Once the fanfare has died down, the pumpkins technically could be eaten—but few would recommend it. The pumpkins’ high water content makes for a rather bland flavor. “They’re kind of like the Coors Light of the pumpkin world,” Snyder says. “Yeah it is pumpkin, but it’s watery and doesn’t have a strong taste.”
Each year, the Great Pumpkin Commonwealth sends a few of the top pumpkins to New York City to be displayed in the New York Botanical Garden. The runners-up are often featured in carving exhibitions and other displays; Snyder has sold some of his giants to Disney World.
Pumpkin growers are united in their quest for monumental produce, but are otherwise a sundry lot, Wolf says. Few are actually farmers. “I know guys that grow pumpkins who are doctors, lawyers, post office workers,” Wolf says. He recommends that newbies find a mentor in their area who can give them advice tailored to their climate.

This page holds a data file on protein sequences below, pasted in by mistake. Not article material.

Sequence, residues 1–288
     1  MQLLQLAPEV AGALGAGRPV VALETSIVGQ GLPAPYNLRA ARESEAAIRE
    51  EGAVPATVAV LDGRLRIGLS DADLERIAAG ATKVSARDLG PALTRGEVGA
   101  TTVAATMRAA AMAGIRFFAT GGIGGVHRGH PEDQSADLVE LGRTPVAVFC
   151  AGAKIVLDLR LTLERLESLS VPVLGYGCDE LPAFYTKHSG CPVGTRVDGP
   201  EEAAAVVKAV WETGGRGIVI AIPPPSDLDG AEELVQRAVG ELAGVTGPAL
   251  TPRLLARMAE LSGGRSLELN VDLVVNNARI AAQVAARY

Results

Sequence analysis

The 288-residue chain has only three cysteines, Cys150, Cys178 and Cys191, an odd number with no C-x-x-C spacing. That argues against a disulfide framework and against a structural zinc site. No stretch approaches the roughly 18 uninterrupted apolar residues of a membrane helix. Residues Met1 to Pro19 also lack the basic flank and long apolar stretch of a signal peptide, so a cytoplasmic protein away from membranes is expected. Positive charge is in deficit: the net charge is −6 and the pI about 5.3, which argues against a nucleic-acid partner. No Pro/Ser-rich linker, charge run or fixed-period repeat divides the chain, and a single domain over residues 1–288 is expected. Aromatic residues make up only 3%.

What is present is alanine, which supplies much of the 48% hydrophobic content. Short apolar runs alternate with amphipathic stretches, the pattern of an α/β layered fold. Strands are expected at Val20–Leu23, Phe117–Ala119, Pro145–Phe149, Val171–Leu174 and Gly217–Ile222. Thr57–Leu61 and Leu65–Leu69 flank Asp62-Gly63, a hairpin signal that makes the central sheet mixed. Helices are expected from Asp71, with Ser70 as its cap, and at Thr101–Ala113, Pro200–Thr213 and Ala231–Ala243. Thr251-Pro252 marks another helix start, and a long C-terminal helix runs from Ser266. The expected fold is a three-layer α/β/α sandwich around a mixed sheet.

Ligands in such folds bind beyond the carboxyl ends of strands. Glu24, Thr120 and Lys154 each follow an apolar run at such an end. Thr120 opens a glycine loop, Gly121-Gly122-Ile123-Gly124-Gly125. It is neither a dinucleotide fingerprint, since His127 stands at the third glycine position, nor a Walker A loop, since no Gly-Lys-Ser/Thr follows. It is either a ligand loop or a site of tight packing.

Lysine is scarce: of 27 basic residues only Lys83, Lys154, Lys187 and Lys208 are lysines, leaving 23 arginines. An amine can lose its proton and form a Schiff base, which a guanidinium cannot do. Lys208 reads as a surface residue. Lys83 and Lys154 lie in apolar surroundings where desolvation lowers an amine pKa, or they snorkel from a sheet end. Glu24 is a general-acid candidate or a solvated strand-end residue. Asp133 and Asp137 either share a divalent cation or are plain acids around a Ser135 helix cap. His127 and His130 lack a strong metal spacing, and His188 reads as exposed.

So what does the future hold for giant pumpkins? “I think we will see 3,000 pounds,” Snyder says. Along the way, growers will fine-tune their control over the pumpkins and their environment. Already, they can take samples of the plant’s tissue from the leaf stalks or leaves and send them to labs for analysis. This tells them how much of various nutrients the plant is receiving so they can adjust their fertilizing schedule. In future, soil moisture probes will become more common, Snyder says. He expects to see people manipulate the plants’ carbon dioxide levels as well.
Other fruits and vegetables may never match the most eminent pumpkins in plumpness or public admiration. “In North America pumpkins have always been king,” Snyder says. But giant watermelons are gaining traction in the South, he says. Tomatoes and gourds are becoming more popular as well, while England is a hotspot for giant onions.
Ultimately, the processes of raising pumpkins and other colossal vegetables aren’t really that different. “You have to be willing to devote a lot of time, energy and even money into that project,” Niklas says. “It’s not for the faint of heart or the lazy.”